Germany has officially extended the ban on arms sales to Saudi Arabia for a period of two weeks. The ban was put in place in November last year following the killing of journalist Jamal Khashoggi in which Saudi Arabia was said to have been complicit.
Banning arms sales
The ban was initially set to expire on March 9 this year. However, German Chancellor Angela Merkel and Finance Minister Olaf Scholz reportedly agreed to extend the ban on principle. An official confirmation regarding this is awaited. The ban is a touchy subject within the country’s coalition government. While Merkel has indicated that she is all for easing the rules of the ban, her coalition partner, the Social Democratic Party, has been a strong opponent of relaxing the ban in any way.
Germany’s decision has been strongly opposed by Britain who claims that it would disrupt European defense manufacturing. To this end, British foreign secretary, Jeremy Hunt, wrote a letter to German foreign minister, Heiko Maas, lobbying for exempting big European defense projects from the ban.
“I am very concerned about the impact of the German government’s decision on the British and European defence industry and the consequences for Europe’s ability to fulfil its Nato commitments,” he wrote in the letter (The Guardian).
As to Khashoggi, the latest reports suggest that the journalist’s body was incinerated in an oven at the residence of the Saudi consul general in Istanbul. This was revealed in a new documentary by Al Jazeera Arabic. The Turkish officials apparently observed this gruesome act from outside the residence. After incinerating Khashoggi’s body, large quantities of meat were grilled in the oven to cover up the crime.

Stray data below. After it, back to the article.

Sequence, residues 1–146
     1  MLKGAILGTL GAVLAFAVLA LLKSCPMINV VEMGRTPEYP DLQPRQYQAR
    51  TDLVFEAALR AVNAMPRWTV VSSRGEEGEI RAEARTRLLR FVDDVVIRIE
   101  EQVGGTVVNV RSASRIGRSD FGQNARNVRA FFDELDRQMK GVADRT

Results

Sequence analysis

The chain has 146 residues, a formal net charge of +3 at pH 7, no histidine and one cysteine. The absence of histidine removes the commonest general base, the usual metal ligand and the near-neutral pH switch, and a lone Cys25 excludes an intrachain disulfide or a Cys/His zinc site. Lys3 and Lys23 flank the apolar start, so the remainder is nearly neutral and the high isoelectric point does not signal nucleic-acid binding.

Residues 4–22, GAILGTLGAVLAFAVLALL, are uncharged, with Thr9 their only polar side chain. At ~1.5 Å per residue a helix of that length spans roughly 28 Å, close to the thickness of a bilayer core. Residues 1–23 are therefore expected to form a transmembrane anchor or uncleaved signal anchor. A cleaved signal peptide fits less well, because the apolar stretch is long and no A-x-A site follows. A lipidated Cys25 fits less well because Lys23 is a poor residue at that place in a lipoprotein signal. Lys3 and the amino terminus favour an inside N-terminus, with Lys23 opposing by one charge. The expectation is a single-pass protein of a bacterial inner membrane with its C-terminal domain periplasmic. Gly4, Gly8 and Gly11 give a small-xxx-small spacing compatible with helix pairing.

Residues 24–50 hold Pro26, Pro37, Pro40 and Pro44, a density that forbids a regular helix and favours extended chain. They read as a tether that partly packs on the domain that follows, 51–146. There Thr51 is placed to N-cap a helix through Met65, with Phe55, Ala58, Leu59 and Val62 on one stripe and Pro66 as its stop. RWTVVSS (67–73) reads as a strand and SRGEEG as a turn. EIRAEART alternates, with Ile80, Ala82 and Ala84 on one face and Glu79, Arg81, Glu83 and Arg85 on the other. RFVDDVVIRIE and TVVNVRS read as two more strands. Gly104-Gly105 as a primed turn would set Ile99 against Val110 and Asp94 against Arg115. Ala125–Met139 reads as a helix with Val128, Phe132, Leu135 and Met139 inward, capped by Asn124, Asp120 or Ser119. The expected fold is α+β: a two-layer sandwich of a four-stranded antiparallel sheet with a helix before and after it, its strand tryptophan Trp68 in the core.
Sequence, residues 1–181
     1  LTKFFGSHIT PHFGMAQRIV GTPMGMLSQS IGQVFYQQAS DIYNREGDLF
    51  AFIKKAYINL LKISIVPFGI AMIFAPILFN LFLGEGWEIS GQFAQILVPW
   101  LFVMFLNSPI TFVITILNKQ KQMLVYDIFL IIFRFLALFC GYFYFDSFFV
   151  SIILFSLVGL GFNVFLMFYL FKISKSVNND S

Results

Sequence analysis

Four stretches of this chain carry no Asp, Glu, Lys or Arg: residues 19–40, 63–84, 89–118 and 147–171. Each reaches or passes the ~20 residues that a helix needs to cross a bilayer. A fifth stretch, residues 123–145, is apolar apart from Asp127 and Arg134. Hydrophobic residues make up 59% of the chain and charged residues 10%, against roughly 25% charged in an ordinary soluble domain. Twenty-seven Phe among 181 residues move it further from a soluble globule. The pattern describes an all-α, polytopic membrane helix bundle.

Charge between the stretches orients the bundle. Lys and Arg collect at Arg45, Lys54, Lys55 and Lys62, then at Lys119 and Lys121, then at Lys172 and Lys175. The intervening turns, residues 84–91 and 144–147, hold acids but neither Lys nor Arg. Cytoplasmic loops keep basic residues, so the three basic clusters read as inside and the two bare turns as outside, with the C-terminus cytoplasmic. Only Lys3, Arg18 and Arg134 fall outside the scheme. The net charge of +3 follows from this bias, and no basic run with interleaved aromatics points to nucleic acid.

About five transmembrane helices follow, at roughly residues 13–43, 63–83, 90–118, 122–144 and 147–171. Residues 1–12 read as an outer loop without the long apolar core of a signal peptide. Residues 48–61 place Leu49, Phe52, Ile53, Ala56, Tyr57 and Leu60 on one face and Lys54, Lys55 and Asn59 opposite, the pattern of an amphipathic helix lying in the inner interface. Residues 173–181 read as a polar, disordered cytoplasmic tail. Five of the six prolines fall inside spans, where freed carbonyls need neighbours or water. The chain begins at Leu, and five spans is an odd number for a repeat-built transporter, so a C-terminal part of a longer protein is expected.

With the latest revelation, Germany might decide to maintain the ban even beyond the two-week extension. However, the longer Germany sticks to the ban, the more harm it will do to the country’s economy and reputation as a major supplier of weapons components.
Bad decision for Germany
Saudi Arabia makes up a small fraction of Germany’s arms exports. As such, Germany does not stand to lose much by cutting off weapons exports to the Middle Eastern country. However, what makes Germany’s ban a bad decision for its economy is that many European defense equipment manufacturers use German components in their products. As such, Germany’s decision has rattled the European defense industry.
Tom Enders, Chief Executive of Airbus, stated that Germany’s arms export policy was not only blocking plans for a unified European defense policy but also causing damage to the weapons industries of NATO nations. “It has been driving us crazy at Airbus for years that when there is even just a tiny German part involved in, for example, helicopters, the German side gives itself the right to, for example, block the sale of a French helicopter,” he said in a statement (DW).
Airbus’ partners in France, Spain, and Britain are said to be impatient. Enders warned that the company might eventually decide on building products that are free from German components in the future. Currently, British defense companies are unable to fulfill the delivery of Tornado fighter jets and Eurofighter Typhoons to Saudi Arabia since these products use German components. Similarly, the sale of Meteor long-range air-to-air missiles to Riyadh are also on the backburner.